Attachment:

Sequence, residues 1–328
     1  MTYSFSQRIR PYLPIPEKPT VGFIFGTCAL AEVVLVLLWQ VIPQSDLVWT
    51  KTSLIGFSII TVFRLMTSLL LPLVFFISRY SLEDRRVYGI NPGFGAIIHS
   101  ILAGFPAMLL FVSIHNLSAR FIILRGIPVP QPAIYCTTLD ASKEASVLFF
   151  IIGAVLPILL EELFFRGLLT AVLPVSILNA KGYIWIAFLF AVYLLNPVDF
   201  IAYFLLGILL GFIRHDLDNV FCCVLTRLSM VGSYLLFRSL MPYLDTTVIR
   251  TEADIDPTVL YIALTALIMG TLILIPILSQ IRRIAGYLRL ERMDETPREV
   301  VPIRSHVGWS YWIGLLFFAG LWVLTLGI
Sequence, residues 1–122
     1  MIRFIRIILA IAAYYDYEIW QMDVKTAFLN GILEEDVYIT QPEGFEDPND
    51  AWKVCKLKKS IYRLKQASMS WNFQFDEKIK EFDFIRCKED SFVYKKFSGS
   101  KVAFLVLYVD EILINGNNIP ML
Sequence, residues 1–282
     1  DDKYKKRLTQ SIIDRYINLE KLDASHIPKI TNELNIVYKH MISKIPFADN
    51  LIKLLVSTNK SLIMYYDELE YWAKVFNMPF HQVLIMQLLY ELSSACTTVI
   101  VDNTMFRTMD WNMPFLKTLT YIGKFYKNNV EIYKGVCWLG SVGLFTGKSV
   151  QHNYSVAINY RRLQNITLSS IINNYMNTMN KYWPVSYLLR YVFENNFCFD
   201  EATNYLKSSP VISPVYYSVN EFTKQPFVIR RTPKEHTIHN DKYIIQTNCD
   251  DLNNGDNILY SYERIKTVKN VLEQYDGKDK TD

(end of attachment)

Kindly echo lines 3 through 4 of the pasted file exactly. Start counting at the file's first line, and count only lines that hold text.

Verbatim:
    51  KTSLIGFSII TVFRLMTSLL LPLVFFISRY SLEDRRVYGI NPGFGAIIHS
   101  ILAGFPAMLL FVSIHNLSAR FIILRGIPVP QPAIYCTTLD ASKEASVLFF